It's true, as a number of news outlets have opined, that investigative journalists thrive on leaks of documents and information that they shouldn't otherwise have access to. The classic example is the Pentagon papers, in which Daniel Ellsberg got hold of classified documents indicating the Johnson Administration had ramped up the Vietnam War and lied to the American people about the extent of our involvement there. The New York Times began publishing the papers in 1971, but the Nixon Administration issued an injunction against the paper -- whereupon the Washington Post picked up the baton and began publishing its own series of articles. Nixon sought an injunction against the Post, too, but a D.C. judge -- and quickly thereafter, the Supreme Court -- ruled against the administration. The ruling was hailed as a victory for press freedom. (The 2017 movie The Post tells this story better than I ever could.)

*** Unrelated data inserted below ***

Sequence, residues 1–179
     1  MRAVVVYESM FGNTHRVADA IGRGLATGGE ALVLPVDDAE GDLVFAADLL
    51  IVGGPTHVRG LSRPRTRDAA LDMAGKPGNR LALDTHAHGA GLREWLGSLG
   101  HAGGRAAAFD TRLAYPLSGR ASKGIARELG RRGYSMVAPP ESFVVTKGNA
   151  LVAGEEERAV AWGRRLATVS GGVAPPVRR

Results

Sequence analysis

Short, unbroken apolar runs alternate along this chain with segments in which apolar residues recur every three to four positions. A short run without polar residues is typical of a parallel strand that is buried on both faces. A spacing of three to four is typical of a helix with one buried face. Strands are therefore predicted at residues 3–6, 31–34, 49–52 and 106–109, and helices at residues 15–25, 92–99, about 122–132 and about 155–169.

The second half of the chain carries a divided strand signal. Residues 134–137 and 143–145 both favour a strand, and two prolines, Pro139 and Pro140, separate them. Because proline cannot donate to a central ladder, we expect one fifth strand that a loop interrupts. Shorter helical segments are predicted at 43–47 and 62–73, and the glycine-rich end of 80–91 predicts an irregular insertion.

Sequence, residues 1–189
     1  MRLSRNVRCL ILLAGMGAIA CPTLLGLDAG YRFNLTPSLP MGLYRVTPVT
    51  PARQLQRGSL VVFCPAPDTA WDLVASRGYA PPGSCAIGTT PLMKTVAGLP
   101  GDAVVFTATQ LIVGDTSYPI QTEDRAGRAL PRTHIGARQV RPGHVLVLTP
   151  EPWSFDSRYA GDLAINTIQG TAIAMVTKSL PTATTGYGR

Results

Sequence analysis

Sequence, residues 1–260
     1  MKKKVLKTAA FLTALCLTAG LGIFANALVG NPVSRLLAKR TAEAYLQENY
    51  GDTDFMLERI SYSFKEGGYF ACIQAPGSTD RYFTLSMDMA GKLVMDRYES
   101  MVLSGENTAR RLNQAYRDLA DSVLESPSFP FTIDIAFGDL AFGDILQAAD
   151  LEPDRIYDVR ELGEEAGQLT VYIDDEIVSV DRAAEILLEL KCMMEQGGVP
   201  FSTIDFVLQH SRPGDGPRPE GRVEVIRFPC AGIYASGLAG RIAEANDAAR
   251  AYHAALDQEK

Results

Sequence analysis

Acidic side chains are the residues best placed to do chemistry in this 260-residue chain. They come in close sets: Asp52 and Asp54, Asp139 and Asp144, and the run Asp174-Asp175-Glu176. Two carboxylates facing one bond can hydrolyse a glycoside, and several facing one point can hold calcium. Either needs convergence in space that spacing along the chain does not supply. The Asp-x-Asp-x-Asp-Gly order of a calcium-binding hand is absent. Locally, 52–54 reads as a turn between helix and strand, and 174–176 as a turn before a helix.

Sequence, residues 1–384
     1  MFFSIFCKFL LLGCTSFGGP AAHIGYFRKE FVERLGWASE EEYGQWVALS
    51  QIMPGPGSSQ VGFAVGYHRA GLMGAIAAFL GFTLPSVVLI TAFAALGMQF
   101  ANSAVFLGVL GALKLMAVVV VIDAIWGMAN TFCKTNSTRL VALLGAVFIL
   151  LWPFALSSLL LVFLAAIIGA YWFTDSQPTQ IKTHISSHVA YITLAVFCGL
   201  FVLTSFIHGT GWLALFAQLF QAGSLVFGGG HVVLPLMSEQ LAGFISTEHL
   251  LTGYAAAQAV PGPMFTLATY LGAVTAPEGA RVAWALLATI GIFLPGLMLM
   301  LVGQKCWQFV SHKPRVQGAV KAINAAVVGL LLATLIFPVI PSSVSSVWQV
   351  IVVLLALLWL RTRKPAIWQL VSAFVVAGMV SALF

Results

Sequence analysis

So what's the difference between Julian Assange on one hand, and The New York Times and the Washington Post on the other?

Here's what it comes down to for me: In 1971, the newspapers didn't actively help the whistleblower. Assange did. If the charges against him are true, he actively assisted Manning with attempting to break into a Pentagon computer. He didn't just publish the stuff Manning handed him -- he tried to help her get more. That has nothing to do with the First Amendment. That's not investigative journalism. That's espionage.

WikiLeaks has published secret documents that have blown the lid off of a number of questionable incidents. In some cases, it has been a force for good; in others, its motives have been iffy. But in no case should WikiLeaks be disseminating documents it broke the law to get hold of -- and if it has, then whoever was involved in breaking the law should go to jail.

These moments of journalistic blogginess have been brought to you, as a public service, by Lynne Cantwell.